Understanding and Managing Panic Attacks

Most of us have experienced the unpleasant feelings that a panic attack brings. Most of the time, it feels as if you are going to have a heart attack and the anxiety makes you believe that something bad is going to happen.

However, understanding the truth behind panic attacks is essential, as it is not as bad as we might think if managed properly.

Panic attacks represent the body’s “fight-flight-freeze” response; it prepares our body to defend itself. However, sometimes it can react when there is no real danger. They are harmless, even though they can feel tremendously uncomfortable and even scary. Due to the fact that they are basically simply an alarm system, they are not designed to harm us, which means that even if we feel like we are dying or going crazy depending on how bad the panic attack is, we are actually not even close to that.

Another important fact that you need to know is that panic attacks are brief, typically lasting only 5 to 10 minutes at peak intensity. Unfortunately, they do make us feel like they are never-ending. If you feel tired after a panic attack, it’s because they do take a lot of our energy away, which is why they don’t last very long.

Learning how to manage and control a panic attack is highly necessary and helpful at the same time. Building a toolbox of strategies should be a priority. There are a number of strategies that you can try and which have proven to work:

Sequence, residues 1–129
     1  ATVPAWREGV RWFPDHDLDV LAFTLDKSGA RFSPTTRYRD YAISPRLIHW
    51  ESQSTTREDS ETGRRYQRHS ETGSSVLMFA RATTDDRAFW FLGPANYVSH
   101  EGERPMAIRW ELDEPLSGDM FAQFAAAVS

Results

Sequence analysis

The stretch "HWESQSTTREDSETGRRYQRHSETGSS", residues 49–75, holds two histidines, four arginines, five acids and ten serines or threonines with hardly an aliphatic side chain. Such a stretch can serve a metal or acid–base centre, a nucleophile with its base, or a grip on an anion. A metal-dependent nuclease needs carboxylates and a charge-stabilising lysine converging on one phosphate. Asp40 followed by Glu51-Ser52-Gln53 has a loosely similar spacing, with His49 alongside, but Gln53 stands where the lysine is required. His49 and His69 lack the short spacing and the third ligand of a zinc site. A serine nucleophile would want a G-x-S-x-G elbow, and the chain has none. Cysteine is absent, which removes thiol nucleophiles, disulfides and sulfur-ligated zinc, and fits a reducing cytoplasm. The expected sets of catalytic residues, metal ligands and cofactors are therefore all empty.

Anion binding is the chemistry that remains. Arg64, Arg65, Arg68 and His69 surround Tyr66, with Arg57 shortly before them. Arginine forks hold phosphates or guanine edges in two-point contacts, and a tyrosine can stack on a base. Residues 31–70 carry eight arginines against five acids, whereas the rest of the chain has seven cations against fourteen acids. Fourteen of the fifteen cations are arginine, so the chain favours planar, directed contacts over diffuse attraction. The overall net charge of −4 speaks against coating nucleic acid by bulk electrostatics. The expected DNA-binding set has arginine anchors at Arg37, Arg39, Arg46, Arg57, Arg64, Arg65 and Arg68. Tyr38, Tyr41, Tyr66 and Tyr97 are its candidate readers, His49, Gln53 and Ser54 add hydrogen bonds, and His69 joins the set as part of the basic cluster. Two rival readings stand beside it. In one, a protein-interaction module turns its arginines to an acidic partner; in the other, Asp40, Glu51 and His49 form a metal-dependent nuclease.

1. Calm Breathing – this strategy can help reduce some of the physical symptoms that one experiences during a panic attack; because we tend to breathe faster when we are anxious, it can make us feel dizzy and lightheaded, which can make us feel even more anxious. Calm breathing involves taking slow, regular breaths through your nose. On the other hand, keep in mind that the goal of calm breathing is not to stop the panic attack, but rather to make it a little easier to go through the feelings.

2. Muscle Relaxation – this technique involves relaxing your body and it uses tensing various muscles and then relaxing them to help lower the overall tension and stress levels.

3. Realistic Thinking – this tool helps you prevent a panic attack from happening; it involves learning how to identify scary thoughts that can trigger and fuel feelings of panic. You need to ask yourself what you are afraid will happen during a panic attack and try to face the possibilities. Remember the fact that a panic attack cannot harm you as it is simply an alarm system that our body has.

All in call, remember that panic attacks will not cause you to faint, lose control, go crazy, or die. All you need to do is be aware of it happening and manage it as good as you can.